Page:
That which I aim at, and intend therein, is to show unto myself, and others that shall read it, the difference betwixt the Law and the Gospel — a point, as I conceive, very needful for us to be well instructed in, and that for these (two) reasons:

  1. Because, if we be ignorant thereof, we shall be very apt to mix and mingle them together, and so to confound the one with the other; which, as Luther on the Galatians truly says, “doth more mischief than man’s reason can conceive;” and therefore he doth advise all Christians, in the case of justification, to separate the Law and the Gospel as far asunder as heaven and earth are separated.
  2. Secondly, Because if we know right how to distinguish betwixt them, the knowledge thereof will afford us no small light towards the true understanding of the Scripture, and will help us to reconcile all such places, both in the Old and New Testament, as seem to be repugnant; yea, and it will help us to judge aright of cases of conscience, and quiet our own conscience in time of trouble and distress; yea, and we shall thereby be enabled to try the truth and falsehood of all doctrines…”  (Thomas Boston, The Whole Works of Thomas Boston: An Explication of the Assembly’s Shorter Catechism, ed. Samuel M‘Millan, vol. 7 (Aberdeen: George and Robert King, 1850), 459.)

I like how Goodwin explained the power of the gospel and how Boston listed the benefits of knowing how to distinguish between the two.  Indeed, as the author of the Heidelberg Catechism, Zacharius Ursinus, said,

“…The law and gospel are the chief and general divisions of the holy scriptures, and comprise the entire doctrine comprehended therein” (Zacharias Ursinus and G. W. Williard, The Commentary of Dr. Zacharias Ursinus on the Heidelberg Catechism (Cincinnati, OH: Elm Street Printing Company, 1888), 2.)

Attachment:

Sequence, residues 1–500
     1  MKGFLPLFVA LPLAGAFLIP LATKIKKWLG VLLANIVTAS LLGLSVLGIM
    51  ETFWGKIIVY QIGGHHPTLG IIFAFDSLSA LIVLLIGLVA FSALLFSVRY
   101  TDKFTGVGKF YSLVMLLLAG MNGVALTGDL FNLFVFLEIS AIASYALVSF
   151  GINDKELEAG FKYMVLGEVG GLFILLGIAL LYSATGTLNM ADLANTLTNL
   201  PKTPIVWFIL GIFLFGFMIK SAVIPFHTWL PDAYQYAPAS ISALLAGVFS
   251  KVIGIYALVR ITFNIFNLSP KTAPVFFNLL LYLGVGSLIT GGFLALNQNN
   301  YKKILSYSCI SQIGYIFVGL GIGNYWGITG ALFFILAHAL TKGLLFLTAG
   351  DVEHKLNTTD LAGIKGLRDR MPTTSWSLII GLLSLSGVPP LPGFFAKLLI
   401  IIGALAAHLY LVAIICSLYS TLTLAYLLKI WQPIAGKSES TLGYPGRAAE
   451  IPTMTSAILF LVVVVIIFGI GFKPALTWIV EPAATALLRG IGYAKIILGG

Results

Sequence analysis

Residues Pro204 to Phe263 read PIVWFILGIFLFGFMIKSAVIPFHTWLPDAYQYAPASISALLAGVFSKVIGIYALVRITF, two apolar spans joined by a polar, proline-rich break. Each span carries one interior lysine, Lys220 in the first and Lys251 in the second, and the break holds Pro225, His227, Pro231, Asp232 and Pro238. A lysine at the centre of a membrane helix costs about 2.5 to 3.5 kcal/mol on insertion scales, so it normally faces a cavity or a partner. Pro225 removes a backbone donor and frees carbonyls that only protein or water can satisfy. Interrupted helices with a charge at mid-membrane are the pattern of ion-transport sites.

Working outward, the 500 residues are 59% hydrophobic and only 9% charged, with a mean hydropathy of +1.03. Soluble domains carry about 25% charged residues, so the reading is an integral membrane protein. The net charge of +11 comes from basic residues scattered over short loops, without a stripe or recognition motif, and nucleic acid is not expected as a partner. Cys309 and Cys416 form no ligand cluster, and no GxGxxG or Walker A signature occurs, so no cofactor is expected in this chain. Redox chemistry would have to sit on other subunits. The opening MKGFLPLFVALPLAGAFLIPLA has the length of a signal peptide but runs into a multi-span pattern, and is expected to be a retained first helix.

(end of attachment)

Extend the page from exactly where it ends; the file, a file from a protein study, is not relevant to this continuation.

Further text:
Shane Lems
Covenant Presbyterian Church
Hammond, WI

Guilt, Grace, Gratitude

As many of our readers already probably know, the Heidelberg Catechism has three sections: 1) Guilt, 2) Grace, and 3) Gratitude (structured after Paul’s epistle to the Romans).  Here’s how one of the authors of the Catechism, Zacharias Ursinus, talks about the third section – Christian gratitude or thanksgiving.

“The order and connection of these several parts [of the Catechism] may be thus explained. We have learned, from what has been said upon the two former general divisions of the Catechism, that we are redeemed from sin and death, that is, from all the evils of guilt and punishment by no merit of ours, but only by the mere grace of God for the sake of Christ’s merits. From this, it follows that we ought to be thankful to God for this great benefit.”

“We cannot, however, show and approve ourselves thankful to God, except we are truly converted: for whatever is done by those who are unconverted, is done without faith, and is, therefore, sin and abomination in the sight of God. Hence, those things which are to be spoken concerning man’s conversion to God, are first in order. Then follows the subject of good works, since true conversion cannot be without them, and we in this way especially show our gratitude to God.  Afterwards, there is subjoined the doctrine respecting the law of God, from which we learn what constitutes good works. Those now are in reality good works in which God is worshiped aright, and by which we declare our gratitude to him; which are done by faith, according to the command of God’s law, and with the design that we may honor and glorify God thereby. And seeing that God desires to be chiefly honored and praised by us, by invocation and prayer, it follows, lastly, that prayer is likewise necessary, in order that we may properly express our thankfulness to God.”

This quote is found in the introduction to section three of Ursinus’ Commentary on the Heidelberg Catechism.

shane lems